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[See larger version]The Queen's marriage has been referred to in connection with the proceedings in Parliament. The details of that interesting event, and other incidents affecting her Majesty's happiness which occurred during the year, will now be recorded. The royal party assembled in the morning of the 10th of February at Buckingham Palace, whence it had been arranged that the members of her Majesty's family and those of Prince Albert's, accompanied by the officers of State, should proceed to St. James's Palace. The entire route along which the royal cortge was to pass was lined by the Horse Guards, while the trumpeters, in their State uniforms, were stationed at intervals to announce the approach of the royal bride and bridegroom. First, the Ladies and Gentlemen of her Majesty's Household, in seven royal carriages, arrived at the garden entrance of St. James's Palace; and then followed the splendid State coach containing her Majesty, her Royal Highness the Duchess of Kent, and the Mistress of the Robes. The closet behind the Throne Room had been draped with silk and prepared for the reception of the Queen. There her Majesty, attended by her maids of honour, train-bearers, and bridesmaids, remained until the Lord Chamberlain of her Household marshalled the procession to the Chapel Royal. Soon after her Majesty had entered the closet, the clash of "presented arms," the roll of drums and flourish of trumpets outside, told that the bridegroom had arrived. At a quarter to one o'clock the ring was placed upon her Majesty's finger; outside, the guns thundered forth the intelligence; but their loud booming was nearly drowned by the long-continued shouts of acclamation which arose from the thousands who thronged the park. At the conclusion of the service the Queen Dowager cordially embraced and kissed the bride, and the Prince acknowledged Queen Adelaide's congratulations by kissing her hand. The bride and her royal consort drove at once to Buckingham Palace, and the noble assembly that had witnessed the ceremony retired. After a splendid breakfast at Buckingham Palace the bride and bridegroom took their departure for Windsor Castle. The sun shone out in cloudless lustre just at the moment of their leaving the gateway; the vast concourse of people assembled outside the palace hailed this as a happy omen, and as the carriage containing the royal pair drove off, the air was rent with the most enthusiastic cheering.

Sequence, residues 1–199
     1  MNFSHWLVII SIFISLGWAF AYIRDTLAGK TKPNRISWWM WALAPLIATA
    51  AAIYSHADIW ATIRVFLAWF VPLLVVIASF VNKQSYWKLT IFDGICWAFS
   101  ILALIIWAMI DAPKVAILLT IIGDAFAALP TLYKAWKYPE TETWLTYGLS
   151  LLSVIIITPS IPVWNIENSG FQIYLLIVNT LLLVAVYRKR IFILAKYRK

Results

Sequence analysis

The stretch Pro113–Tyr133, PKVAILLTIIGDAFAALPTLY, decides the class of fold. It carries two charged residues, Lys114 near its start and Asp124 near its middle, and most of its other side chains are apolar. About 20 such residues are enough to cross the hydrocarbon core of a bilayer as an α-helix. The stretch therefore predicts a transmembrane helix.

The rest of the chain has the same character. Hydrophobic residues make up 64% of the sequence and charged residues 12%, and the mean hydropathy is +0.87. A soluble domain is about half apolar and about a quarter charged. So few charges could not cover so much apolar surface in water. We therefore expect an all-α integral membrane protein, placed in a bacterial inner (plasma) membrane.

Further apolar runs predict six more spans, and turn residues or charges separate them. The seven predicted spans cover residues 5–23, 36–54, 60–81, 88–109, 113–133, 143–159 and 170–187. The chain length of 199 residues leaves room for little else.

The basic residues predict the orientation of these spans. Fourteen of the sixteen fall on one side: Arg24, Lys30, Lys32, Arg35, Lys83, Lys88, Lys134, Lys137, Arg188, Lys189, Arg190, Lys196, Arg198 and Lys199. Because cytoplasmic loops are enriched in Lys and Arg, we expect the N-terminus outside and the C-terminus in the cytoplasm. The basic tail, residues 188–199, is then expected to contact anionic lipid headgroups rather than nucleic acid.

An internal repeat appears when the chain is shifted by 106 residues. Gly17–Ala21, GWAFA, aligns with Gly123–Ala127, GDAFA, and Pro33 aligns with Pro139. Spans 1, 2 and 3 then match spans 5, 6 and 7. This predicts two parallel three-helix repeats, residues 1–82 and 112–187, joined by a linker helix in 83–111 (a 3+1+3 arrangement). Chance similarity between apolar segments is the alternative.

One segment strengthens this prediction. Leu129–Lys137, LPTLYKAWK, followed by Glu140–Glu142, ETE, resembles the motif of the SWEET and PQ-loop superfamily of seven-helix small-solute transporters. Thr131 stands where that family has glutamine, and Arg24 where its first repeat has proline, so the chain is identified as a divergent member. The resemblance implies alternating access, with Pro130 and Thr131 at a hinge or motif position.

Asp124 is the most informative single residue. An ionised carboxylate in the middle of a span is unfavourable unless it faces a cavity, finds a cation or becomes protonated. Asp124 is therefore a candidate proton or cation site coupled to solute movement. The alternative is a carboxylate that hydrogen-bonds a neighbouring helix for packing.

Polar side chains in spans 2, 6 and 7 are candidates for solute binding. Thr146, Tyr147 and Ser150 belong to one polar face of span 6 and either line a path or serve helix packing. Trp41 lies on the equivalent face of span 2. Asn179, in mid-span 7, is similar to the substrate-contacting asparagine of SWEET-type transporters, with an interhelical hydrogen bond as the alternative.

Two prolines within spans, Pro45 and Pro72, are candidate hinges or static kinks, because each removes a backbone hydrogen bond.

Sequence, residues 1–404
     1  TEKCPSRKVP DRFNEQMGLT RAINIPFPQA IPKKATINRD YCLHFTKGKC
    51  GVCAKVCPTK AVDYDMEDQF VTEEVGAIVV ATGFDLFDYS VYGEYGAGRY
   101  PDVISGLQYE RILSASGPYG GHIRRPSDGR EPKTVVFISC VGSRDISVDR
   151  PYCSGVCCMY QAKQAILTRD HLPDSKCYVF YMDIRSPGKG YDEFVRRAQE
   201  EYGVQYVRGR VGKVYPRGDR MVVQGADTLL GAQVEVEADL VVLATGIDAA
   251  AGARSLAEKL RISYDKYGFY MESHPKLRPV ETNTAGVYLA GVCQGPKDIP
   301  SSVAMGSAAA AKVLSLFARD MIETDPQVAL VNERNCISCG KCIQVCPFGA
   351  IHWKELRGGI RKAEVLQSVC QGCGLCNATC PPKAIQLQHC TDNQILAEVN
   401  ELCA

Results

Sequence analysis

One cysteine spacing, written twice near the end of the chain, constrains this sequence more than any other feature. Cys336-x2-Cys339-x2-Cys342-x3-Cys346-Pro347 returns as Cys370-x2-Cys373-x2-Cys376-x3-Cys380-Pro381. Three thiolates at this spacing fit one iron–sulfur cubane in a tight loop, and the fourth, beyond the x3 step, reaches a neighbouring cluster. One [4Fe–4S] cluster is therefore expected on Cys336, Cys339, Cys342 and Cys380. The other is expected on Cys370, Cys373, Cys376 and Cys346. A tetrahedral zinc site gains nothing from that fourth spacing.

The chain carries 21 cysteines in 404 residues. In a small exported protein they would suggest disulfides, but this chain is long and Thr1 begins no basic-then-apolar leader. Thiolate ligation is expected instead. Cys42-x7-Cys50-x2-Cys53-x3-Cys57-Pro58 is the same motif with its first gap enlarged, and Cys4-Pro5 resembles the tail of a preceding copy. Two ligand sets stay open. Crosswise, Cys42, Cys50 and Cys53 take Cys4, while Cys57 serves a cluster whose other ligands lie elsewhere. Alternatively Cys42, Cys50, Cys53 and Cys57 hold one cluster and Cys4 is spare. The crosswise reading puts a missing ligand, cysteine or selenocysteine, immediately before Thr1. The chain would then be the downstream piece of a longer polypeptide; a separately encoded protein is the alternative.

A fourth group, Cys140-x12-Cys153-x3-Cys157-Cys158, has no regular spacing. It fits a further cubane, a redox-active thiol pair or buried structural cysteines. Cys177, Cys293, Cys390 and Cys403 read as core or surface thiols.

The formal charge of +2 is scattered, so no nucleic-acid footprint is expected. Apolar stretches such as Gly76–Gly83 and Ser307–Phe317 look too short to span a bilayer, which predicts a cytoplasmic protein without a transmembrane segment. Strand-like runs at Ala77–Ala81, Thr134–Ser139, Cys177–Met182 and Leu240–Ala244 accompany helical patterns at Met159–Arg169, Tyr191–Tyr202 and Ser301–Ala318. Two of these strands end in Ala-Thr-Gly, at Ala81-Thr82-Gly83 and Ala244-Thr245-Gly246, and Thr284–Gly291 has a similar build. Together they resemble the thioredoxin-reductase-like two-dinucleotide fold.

On the 6th of May Lord Pelham communicated to the Lords, and Mr. Addington to the Commons, another message from his Majesty, informing them that he had ordered Lord Whitworth, our Ambassador, to quit Paris immediately, unless he saw a prospect of closing the negotiations with the First Consul within a certain date; and that M. Andreossi, the French Ambassador, had applied for his passport, in order to quit London when Lord Whitworth should quit Paris. In consequence of the uncertainty of the result there was an adjournment, and then a second; but on the 16th of May all suspense was terminated by the announcement of Ministers that Lord Whitworth had quitted Paris, and M. Andreossi London. The papers which had passed between this Government and France, in the late negotiations, were ordered to be produced, and an Order in Council was issued, directing reprisals to be granted against the ships, goods, and subjects of the French Republic, and also for an embargo not only on all French ships in British ports, but on all Dutch vessels, and vessels of any Power under the military rule of France. Britain was once more at war. On the 17th of June the king announced, by message, that, in consequence of the Batavian Republic refusing to order the French troops to quit Hollandwhich, indeed, would have paid no attention to such ordershe had recalled his Ambassador from the Hague and had issued letters of marque and reprisals against that Republic. Thus, we were also at war with Holland. At the same time a demand was made for a grant of sixty thousand pounds, and a pension of sixteen thousand pounds per annum to the Prince of Orange, the ex-Stadtholder, on the plea that he was an exile and destitute; and the grant was voted. Parliament was now daily occupied in passing fresh measures for the defence of the country. It was voted, on the 20th of June, that a reserve army of fifty thousand should be raised by ballot, like the militia; and, indeed, it was no other than the extension of the militia: for during the war this division was to serve only in Great Britain, Ireland, and the Channel Islands. On the 18th of July it was proposed to pass a Bill enabling his Majesty to raise a levy en masse in case of invasion. Pitt strongly supported it, and proposed fresh fortifications on the coasts.